Pretty soon, you should see determined little green heads breaking through the dirt.

It’s a wonderful feeling and very inspiring.
First leaves

Follow the directions on the back of each packet to determine the right time to transplant the seedlings to their adult homes (whether they be terra cotta pots or a garden bed) as each one will vary.

One of the nice things about using the egg carton instead of an actual plastic seed tray is that you can just cut the egg carton into 12 separate pieces and plant each one in the dirt when the seedlings are ready for transplant. The paper will dissolve as the plant takes root in its new pot.

If you use a plastic seedling tray, you’ll need to loosen each one individually (pushing up from the bottom and using a knife to cut around the sides is helpful) so that you can pop it out into your hand and place it in a well of dirt in the ground or in a pot. Try to be as gentle as possible since this will be a fairly traumatic process for your tender young seedlings. Again, follow the planting and spacing instructions on each packet and be sure to use organic dirt in the pots or garden beds. Water the transplanted seedlings well after you’ve moved them.

Step 6: Enjoy the Harvest

You’ll need to continue to water regularly and to make sure the baby plants are getting enough light and staying warm. Bugs may also be an issue so keep an eye out for any infestations (and remember that ladybugs and spiders are your friends as they eat pests). As spring and summer progress, you should start to enjoy having a bounty of fresh herbs at your fingertips whenever you want them. Check out this luscious photo of my mint plant below to get a glimpse of what could be in store for you if you start your own kitchen garden.

Mint leaves close up

Happy planting! May no bugs besmirch your beloved botanical beauties. And Happy Earth Day!

More Ways To Green Your Kitchen from The Garden of Eating

Want even more recipes, photos, giveaways, and food-related inspiration? “Like” the Garden of Eating on Facebook, or follow me on Twitter or Pinterest.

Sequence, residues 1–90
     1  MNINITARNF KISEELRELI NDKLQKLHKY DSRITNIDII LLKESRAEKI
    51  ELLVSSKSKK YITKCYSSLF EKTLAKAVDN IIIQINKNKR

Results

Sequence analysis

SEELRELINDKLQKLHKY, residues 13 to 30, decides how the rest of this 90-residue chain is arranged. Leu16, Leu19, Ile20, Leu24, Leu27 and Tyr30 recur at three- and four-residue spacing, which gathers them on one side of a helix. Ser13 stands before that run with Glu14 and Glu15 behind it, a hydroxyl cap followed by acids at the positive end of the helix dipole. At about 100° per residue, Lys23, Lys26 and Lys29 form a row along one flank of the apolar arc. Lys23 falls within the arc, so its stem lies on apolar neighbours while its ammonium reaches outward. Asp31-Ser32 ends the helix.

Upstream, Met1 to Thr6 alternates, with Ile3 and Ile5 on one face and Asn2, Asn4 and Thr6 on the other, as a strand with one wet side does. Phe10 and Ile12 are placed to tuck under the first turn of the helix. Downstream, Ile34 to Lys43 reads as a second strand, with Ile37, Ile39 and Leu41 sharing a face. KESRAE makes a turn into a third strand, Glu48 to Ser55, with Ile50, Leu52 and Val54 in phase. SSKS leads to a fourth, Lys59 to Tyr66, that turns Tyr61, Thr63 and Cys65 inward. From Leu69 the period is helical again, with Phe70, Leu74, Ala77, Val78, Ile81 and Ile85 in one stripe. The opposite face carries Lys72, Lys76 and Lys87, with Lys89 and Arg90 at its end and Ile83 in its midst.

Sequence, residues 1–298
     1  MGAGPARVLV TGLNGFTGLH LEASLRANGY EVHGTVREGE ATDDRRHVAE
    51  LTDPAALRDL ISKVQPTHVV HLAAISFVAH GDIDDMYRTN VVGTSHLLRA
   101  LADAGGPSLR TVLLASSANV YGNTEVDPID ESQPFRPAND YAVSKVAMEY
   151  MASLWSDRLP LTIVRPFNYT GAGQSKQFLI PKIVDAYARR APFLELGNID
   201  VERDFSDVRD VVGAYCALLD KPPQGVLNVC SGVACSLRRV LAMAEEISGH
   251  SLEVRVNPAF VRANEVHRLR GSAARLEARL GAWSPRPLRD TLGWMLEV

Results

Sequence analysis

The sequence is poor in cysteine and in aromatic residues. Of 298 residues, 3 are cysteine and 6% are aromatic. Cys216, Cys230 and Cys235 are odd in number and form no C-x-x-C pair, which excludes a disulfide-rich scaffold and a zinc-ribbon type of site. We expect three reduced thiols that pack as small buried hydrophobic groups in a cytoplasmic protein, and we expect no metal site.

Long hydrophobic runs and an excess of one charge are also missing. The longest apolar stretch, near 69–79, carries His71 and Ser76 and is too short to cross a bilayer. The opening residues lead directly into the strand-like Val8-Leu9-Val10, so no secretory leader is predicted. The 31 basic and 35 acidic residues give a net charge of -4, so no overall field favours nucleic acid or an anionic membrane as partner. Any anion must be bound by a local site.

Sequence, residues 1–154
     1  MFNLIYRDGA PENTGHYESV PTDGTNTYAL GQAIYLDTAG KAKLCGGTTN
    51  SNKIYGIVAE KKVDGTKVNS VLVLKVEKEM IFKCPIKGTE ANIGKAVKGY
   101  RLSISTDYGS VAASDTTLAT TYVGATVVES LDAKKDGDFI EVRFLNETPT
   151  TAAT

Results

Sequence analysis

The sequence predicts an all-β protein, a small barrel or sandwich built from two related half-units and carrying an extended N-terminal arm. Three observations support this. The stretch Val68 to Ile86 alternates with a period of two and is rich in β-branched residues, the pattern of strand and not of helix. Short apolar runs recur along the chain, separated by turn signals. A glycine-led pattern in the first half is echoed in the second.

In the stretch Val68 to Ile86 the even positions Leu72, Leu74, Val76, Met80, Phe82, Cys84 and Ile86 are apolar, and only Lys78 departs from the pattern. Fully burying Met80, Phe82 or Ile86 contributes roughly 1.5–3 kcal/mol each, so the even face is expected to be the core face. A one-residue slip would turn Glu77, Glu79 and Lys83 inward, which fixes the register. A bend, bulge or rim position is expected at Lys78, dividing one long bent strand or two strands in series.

More from Care2:
9 Healing Herbs to Cook With
7 Giant Herbs You Can Grow at Home
Easy Themed Edible Gardens


Eva H.
Eva H3 years ago

I grow herbs and lots of vegetables, fruits and berries every year in my wonderful, rather wild kitchen garden. No pesticides, no herbicides, only natural manure from our farming neighbour, (no artificial nutrition) and water from our own well. Yes, it requires a fair amopunt of work, but it's so well worth every minute! A tip: Plant alternating rows of onions and carrots, as they protect each other!

Dale O.

Nothing more flavourful than adding herbs to homemade cooking. Watching these plants grow and flower brings a lot of delight!

Debbie L.
Debbie Lim5 years ago

Nice thanks!

Sheleen Addison
Sheleen Addison5 years ago

After recently moving back to Beira after a 10month break I started replanting and thinning my garden and had the greatest satisfaction, yesterday, in repotting and sorting my herb garden. With the unpredictable weather here I keep them all in pots near the kitchen door and as I sit here today I can look out at my plants and they make me feel so happy because they look so happy.

Ryan S.
Ryan S.5 years ago

I hope people read this and see how simple and rewarding growing herbs really is...maybe they'll even try in winter!

Marie W.
Marie W5 years ago

Got to get off couch to plant.

Sheri P.
Sheri P5 years ago

fresh herbs are such a luxurious treat!!!

Carole F.
Carole f5 years ago

i grow herbs every year. what a fun and educational experience. encourage you children to participate! thank you

Christine C.
Chandra C5 years ago


Loo Samantha
Loo sam5 years ago

thanks for the article